D-Day veteran awarded his MBE by the Queen ….

Harry Billinge, 94, a D-Day veteran who raised more than £25,000 towards the cost of building a national memorial honouring his fallen comrades has become an MBE.

Harry said that he was accepting the honour in memory of the “fellas that never came back”.

He was presented with the honour by the Queen during a ceremony at Buckingham Palace.

Mr Billinge from St Austell, Cornwall was 18 when he landed on Gold Beach on June 6, 1944. He has since dedicated much of his life to fundraising.

He said:

“It was hell on earth. Murder. The sea was red with blood, human blood,” he said.

“The memory of the servicemen killed during D-Day had never left him.”

“I never expected any medal for collecting a few pounds, or a thousand pounds for the boys that never came back.”

“All I set out to do, I achieved and I’m still doing it.”

Speaking after the ceremony, Mr Billinge said it was “wonderful” to meet the Queen.

“She was very, very kind. There are no words to describe it.”

The veteran, who also holds France’s highest award, the Legion d’Honneur, is well-known for his charity work in Cornwall, where he has collected for the Royal British Legion’s Poppy Appeal for more than 60 years.

Harry Billinge, we salute you.

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On the 11th hour of the 11th day of the 11th month….

Armistice Day is on 11 November and is also known as Remembrance Day. It marks the day World War One ended, at 11am on the 11th day of the 11th month, in 1918. A two-minute silence is held at 11am to remember the people who have died in wars. Remembrance Sunday is held every year on the second Sunday in November. This was yesterday and there were ceremonies held across the country at war memorials, cenotaphs, churches here in the UK and also abroad. This anniversary isn’t just to remember all those who died in World War One but also those who gave their lives in World War Two, The Falklands War, The Gulf War and also conflicts in Afghanistan and Iraq to name but a few.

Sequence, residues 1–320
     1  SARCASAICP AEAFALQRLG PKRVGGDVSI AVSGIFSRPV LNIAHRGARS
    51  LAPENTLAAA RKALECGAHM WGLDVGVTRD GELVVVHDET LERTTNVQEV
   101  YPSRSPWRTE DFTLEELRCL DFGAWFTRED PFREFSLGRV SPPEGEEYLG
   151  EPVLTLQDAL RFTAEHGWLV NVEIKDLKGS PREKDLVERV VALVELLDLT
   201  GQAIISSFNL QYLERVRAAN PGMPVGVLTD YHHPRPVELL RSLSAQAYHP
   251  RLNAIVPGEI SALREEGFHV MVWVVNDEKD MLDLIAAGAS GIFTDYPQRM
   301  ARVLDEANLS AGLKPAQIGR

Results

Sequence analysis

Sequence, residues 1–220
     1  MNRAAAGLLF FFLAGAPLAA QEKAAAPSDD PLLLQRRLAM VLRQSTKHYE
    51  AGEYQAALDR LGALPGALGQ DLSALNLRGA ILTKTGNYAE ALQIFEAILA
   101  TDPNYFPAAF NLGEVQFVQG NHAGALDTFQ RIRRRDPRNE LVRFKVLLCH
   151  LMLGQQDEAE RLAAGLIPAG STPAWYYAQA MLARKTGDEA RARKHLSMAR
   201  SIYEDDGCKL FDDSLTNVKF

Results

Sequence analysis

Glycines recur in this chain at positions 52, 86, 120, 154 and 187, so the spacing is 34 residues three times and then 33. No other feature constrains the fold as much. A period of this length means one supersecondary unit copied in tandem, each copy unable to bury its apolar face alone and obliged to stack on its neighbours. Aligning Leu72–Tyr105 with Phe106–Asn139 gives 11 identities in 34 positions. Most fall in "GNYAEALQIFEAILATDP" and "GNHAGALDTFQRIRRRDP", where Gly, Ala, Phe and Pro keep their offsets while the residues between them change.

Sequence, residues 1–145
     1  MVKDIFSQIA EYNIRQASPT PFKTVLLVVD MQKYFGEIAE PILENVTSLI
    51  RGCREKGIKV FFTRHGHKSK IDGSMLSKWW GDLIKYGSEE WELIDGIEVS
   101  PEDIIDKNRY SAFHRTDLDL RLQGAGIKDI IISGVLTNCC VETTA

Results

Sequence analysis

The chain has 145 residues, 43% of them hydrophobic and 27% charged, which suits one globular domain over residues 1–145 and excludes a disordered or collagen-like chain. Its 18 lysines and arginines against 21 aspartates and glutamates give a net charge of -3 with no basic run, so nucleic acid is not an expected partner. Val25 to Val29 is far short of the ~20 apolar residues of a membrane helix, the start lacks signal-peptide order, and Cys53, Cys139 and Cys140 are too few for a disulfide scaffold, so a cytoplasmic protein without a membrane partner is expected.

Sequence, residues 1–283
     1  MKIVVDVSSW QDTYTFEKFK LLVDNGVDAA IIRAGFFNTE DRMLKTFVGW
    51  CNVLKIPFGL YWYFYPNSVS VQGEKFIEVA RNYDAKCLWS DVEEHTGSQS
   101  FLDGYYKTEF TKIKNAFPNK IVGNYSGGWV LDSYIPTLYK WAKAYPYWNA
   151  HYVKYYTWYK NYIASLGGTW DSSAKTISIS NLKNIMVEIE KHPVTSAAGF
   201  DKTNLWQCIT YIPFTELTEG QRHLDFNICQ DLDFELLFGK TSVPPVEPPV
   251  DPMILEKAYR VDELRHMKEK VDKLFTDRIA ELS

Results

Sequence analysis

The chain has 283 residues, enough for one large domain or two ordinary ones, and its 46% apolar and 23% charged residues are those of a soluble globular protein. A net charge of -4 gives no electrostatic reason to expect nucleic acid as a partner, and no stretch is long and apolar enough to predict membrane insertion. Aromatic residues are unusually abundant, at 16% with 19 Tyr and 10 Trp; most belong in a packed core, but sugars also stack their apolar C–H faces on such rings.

The first two-minute silence in Britain was held on 11 November 1919, when King George V asked the public to observe a silence at 11am. This was one year after the end of World War One. He made the request so “the thoughts of everyone may be concentrated on reverent remembrance of the glorious dead”.

Last year we featured the hard work of the poppy sellers and how important it was to keep this part of history fresh in our minds and over the last few weeks there have been so many remarkable tales but we couldn’t include an article about the ravages of war without mentioning 93 year old D-Day Veteran Harry Billinge. Harry was featured on the BBC previously and during his interview on the D-Day beaches he brought BBC presenter Naga Munchetty to tears. Harry was determined to raise  £22,442 for a memorial to all those that lost their lives during the D-Day landings. He said £1 for each of those lost servicemen. Hearing the interview with Harry was truly inspirational. To see him collecting money where he lives and his courage and conviction to complete the task was an interview I will never forget. The target has been reached and the memorial that was a dream has been started and is now becoming a reality. Footage of the memorial was shown to Harry for the first time and the emotion was clear to see. The vociferous ex Sapper was literally stunned and lost for words. Harry says he was no hero and that the true heroes were lost in battle. I am sure that all those soldiers would view Harry as a true inspiration and brand him a hero like the rest of the nation appears to have done. Harry Billinge – we think you are a hero.

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